With Claudia Andujar (photographer), Davi Kopenawa (shaman and spokesperson for the Yanomami, one of the largest Amerindian tribes in the Brazilian Amazon) and Dario Kopenawa (vice-president of the association Hutukara Yanomami and spokesperson for the Yanomami).
A discussion moderated by Thyago Nogueira (director of the Contemporary Photography Department at the Instituto Moreira Salles [Brazil] and curator of this exhibition), in the presence of Bruce Albert (anthropologist) and Carlo Zacquini (missionary), fellow fighters of Claudia Andujar and Davi Kopenawa.
For the opening of the exhibition Claudia Andujar, The Yanomami Struggle, the Fondation Cartier is pleased to announce the exceptional presence of Davi Kopenawa, shaman and spokesperson for the Yanomami of Brazil, alongside Claudia Andujar, for a special evening devoted to the defense of the Amerindian indigenous communities of the Amazon, who are under grave threat today.
Davi Kopenawa* along with Raoni Metuktire, is currently one of the most important advocates of the Amazon and the communities living there. Born in northern Brazil, in Amazonas State, he now lives in the community of Watoriki. Between 1987 and 1990, almost 20% of the Yanomami population perished in Brazil because of violence and the illnesses that accompanied the invasion of their lands by 40,000 gold miners. Deeply affected by this tragedy, Davi Kopenawa embarked on a tireless struggle to defend the rights of his people.
Since the 1970s, Brazilian photographer Claudia Andujar has devoted her photography and her life to the defense of the Yanomami Indians. When she first met them, the Yanomami were already under threat of physical and cultural extinction due to the development of the Amazon region by the Brazilian military dictatorship in power at the time. The region had begun to open up with the construction of the Trans-Amazonian Highway and agricultural colonization projects, which resulted in the spread of epidemics and led to the decimation of entire communities. In 1978, Claudia Andujar founded, along with her socio-politically conscious friends, anthropologist Bruce Albert and missionary Carlo Zacquini, an NGO known as Comissão Pro-Yanomami (CCPY) whose aim was to legalize and protect Yanomami territory. Claudia Andujar and Davi Kopenawa traveled the world together in search of international support. In 1992, Davi Kopenawa and the CCPY obtained legal recognition of an area of 96,650 km2 of tropical rainforest reserved for the exclusive use of the Yanomami and guaranteed by presidential decree. However, this territory is once again seriously under threat by a massive influx of gold miners, this time with the direct support of the Brazilian government.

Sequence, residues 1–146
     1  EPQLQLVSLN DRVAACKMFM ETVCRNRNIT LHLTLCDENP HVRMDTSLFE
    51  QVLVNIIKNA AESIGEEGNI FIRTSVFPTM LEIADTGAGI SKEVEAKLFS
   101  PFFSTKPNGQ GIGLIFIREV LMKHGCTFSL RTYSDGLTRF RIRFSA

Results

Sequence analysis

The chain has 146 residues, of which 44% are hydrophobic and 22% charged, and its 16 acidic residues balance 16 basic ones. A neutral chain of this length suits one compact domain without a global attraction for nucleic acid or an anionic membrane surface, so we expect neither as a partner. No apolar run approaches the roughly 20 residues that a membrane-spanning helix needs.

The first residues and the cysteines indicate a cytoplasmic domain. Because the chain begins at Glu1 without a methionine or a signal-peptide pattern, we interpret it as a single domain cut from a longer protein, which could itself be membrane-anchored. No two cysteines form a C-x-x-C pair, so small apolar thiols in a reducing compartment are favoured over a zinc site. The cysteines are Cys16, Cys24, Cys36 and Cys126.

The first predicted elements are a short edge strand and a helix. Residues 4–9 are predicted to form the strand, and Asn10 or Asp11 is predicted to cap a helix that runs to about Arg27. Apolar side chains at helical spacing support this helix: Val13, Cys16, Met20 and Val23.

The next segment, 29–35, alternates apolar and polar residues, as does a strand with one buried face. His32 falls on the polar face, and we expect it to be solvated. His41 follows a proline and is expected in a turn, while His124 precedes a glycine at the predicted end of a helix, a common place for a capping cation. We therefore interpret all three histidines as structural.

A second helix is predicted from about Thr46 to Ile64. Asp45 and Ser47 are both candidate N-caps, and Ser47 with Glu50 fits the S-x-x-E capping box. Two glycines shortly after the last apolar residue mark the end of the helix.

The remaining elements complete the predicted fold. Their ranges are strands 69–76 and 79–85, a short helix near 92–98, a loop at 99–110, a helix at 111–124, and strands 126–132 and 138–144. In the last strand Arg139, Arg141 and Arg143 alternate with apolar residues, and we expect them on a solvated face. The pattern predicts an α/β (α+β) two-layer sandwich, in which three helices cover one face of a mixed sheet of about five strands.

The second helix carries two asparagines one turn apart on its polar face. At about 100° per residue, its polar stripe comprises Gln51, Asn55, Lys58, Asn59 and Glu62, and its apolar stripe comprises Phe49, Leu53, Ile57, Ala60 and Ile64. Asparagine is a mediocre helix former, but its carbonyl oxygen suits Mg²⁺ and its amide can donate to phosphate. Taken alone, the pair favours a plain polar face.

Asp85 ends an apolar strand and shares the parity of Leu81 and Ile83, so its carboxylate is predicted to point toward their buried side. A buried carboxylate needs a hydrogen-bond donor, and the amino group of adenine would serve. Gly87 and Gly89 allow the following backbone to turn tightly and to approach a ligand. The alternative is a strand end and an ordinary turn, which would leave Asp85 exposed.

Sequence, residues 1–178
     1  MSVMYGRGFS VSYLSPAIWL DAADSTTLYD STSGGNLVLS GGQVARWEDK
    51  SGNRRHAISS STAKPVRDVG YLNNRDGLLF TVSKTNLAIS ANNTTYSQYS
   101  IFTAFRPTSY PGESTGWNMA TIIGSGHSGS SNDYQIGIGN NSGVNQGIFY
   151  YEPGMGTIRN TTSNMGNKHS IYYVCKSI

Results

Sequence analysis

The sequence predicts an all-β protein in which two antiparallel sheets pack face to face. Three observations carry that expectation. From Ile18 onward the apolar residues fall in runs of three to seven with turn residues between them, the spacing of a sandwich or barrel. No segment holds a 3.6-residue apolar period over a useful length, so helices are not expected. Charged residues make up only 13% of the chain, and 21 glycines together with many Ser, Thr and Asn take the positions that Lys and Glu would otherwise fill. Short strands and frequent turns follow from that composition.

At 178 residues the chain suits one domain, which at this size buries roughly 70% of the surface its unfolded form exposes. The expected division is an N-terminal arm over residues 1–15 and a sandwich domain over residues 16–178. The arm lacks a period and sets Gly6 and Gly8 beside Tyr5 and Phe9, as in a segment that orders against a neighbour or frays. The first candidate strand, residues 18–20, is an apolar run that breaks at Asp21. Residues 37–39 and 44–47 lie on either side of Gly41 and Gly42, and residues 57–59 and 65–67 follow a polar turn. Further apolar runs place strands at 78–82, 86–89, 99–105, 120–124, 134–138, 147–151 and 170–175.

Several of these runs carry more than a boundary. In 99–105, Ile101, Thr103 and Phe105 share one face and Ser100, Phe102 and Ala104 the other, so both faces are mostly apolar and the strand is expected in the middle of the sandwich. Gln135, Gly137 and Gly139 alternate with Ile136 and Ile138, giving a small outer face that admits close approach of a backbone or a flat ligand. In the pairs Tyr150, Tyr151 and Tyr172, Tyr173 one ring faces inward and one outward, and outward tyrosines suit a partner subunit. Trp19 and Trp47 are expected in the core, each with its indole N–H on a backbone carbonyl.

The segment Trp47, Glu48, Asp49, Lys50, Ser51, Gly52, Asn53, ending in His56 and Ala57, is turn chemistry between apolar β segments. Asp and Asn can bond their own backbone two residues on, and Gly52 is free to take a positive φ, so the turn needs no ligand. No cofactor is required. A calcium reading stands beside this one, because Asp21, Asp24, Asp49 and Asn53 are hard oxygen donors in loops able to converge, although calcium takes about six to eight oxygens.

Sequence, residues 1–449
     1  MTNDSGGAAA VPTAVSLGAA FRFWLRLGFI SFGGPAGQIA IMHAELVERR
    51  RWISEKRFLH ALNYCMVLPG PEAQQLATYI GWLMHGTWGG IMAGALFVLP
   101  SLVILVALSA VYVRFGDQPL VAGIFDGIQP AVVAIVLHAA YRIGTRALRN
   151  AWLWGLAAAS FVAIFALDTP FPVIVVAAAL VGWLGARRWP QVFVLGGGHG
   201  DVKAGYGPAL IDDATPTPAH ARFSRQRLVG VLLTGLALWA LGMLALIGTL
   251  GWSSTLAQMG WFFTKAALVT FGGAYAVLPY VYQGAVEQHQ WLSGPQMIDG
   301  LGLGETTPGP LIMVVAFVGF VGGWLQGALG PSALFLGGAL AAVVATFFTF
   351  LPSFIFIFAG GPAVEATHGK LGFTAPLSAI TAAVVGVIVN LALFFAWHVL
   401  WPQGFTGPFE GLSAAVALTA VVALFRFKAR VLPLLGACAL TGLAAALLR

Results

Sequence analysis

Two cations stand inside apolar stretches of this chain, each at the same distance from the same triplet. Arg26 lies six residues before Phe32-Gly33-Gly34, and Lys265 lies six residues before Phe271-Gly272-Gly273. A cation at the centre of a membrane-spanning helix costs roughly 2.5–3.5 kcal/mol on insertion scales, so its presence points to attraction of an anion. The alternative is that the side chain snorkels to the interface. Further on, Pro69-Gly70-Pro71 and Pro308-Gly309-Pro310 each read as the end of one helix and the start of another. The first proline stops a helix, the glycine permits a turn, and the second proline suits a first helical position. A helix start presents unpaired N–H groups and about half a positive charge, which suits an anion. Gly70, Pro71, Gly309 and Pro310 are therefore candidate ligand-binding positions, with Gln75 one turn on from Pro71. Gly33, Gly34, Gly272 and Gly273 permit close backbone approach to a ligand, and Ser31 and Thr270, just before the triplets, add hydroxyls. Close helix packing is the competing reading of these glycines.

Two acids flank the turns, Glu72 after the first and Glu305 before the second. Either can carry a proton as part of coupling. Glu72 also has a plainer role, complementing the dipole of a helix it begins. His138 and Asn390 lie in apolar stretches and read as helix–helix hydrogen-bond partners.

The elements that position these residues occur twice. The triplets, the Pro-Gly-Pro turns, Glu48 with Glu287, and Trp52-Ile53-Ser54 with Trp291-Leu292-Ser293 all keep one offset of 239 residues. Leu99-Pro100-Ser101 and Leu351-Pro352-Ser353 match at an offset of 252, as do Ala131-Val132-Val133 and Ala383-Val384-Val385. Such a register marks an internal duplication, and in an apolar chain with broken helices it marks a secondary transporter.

For 15 years, following his father's footsteps, Dario Kopenawa has been fighting and denouncing mining on Yanomami territory, working in the fields of health and education of his people. A major player in a new generation of Yanomami who are continuing the fight, he reflects the Yanomami struggles to come.
The Night of the Yanomami is devoted to them.
“You came to visit us. I gave you these words (…). Now, share them with the people from your country. Show them our images and those of the forest. Let them hear the calls of the animals and the songs of the spirits. Let them say: ‘Goodness! The forest is beautiful. Long may the Yanomami continue to live there and protect it from the threat of White People!’ You hear that your neighbors want to invade and destroy it, speak to your elders and to those of Brazil. Tell them with feeling: ‘We know the Yanomami. We have slept in their houses and eaten their food. They are our friends. We want them to be able to live in the forest as they want.’ This is the reason why we have given you our images and our words. It is for this.” (Quotation taken from the exhibition catalogue Yanomami, Spirit of the Forest, publ. Fondation Cartier pour l’art contemporain, Paris, 2003
*Among the numerous prizes given to him in Brazil and overseas, including the United Nations Global 500 Award for his commitment to the environment (1988), on December 4, 2019, Davi Kopenawa was awarded the Right Livelihood Award, considered an “alternative Nobel Prize”.
In 2003, Davi Kopenawa was, along with anthropologist Bruce Albert, the inspiration for the exhibition Yanomami, Spirit of the Forest at the Fondation Cartier. This exhibition presented the work of both Western and Yanomami artists in the form of a visual dialogue on shamanic practices in the Amazon rainforest. In 2019, the drawings of several Yanomami artists were also shown as part of the exhibition Trees.
Davi Kopenawa is the co-author with Bruce Albert of the book The Falling Sky. Words of a Yanomami Shaman (first published in French by Plon in 2010 and later in English and other languages), a biography that retraces both his initiation into shamanic life and his political struggle.
Credits: © Carlo Zacquini / © Raymond Depardon